Before speaking first of the requisite conditions, I shall confront first the words in greater detail. The two stated that the Light had given rise to a slavish morality which subjugates the weak to the strong. They have stated that the Light suppresses the individual and breaks the freedom of men, bringing them into a hollow submission. Furthermore, the announced that the only way to break loose of these evils was to cast off the yoke of the Light itself, which would bring men into a new age of prosperity. 

In other words, these men sought to sway the sheep of the clergy into the death knell of atheism. In times past, these two would have certainly been stricken down hastily by the clergy! Yet such did not occur. Within the House of the Light those that were its champions and arbiters sat idle. They did speak. They spoke of not any longer provoking these men, but so too they spoke of granting them both -tolerance- and -understanding- while they spat upon the hallowed foundations of the Cathedral.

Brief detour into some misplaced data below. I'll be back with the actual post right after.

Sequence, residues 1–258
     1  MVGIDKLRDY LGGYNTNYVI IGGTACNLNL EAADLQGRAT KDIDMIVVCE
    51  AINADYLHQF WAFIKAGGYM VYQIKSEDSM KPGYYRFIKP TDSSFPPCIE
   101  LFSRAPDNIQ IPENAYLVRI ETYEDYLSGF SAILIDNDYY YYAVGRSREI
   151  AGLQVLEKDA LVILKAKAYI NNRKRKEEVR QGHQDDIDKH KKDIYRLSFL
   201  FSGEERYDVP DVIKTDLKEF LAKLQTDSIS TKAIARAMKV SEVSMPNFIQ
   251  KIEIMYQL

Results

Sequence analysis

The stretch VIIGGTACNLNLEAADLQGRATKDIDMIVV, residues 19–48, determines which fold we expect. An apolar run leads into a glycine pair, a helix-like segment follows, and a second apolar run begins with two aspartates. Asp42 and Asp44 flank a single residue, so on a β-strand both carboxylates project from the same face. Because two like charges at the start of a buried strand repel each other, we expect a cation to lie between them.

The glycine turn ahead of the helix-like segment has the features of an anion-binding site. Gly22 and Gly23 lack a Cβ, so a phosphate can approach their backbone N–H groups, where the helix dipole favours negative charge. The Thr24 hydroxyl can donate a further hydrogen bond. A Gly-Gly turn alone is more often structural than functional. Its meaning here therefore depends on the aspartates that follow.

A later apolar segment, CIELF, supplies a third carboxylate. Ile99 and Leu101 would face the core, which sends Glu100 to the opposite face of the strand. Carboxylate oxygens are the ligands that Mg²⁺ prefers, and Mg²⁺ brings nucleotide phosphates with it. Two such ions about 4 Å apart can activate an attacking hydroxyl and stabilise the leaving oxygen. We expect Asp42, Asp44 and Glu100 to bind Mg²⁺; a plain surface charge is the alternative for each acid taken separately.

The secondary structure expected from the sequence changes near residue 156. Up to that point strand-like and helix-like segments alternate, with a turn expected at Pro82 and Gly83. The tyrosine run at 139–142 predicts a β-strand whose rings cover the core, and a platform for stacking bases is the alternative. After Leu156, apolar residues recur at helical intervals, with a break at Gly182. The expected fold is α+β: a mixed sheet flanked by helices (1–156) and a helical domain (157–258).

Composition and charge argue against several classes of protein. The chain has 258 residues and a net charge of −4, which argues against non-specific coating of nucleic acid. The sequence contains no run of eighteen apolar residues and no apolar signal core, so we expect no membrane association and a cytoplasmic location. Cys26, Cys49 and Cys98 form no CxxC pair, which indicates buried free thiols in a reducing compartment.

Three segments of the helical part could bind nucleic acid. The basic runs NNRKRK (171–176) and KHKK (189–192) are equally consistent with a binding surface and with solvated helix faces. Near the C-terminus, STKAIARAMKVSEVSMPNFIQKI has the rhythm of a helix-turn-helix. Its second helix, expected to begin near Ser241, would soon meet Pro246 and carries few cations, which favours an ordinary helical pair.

And now we see twin evils have come forth. There is the shadow of atheism that has been cast over the church, and the blight of indifference that decays it from within. And decay! That is what I seek to speak of. Only when the church, nay, when civilization itself has fallen into a state of decadence may someone come forth to so brazenly challenge the fountain-head, the church, that has always stood at the heart of civilized life.

And hence, with great woe I say that this elf is now a spontaneous outburst of sickness. He is but the symptom of a far more dire peril that looms at the fore of the Clergy. After the fool's sermon had finished, I spoke. And I asked a gathering of your people, clergy-men, what was it that these men saw in the Light that it lacked? I received no answer. I was told once more by the peoples of the church that this was - to put it simply - not a matter of any concern. That it was not a matter of any solemnity, or importance, that in essence, all we ought to do as church-men is mock him!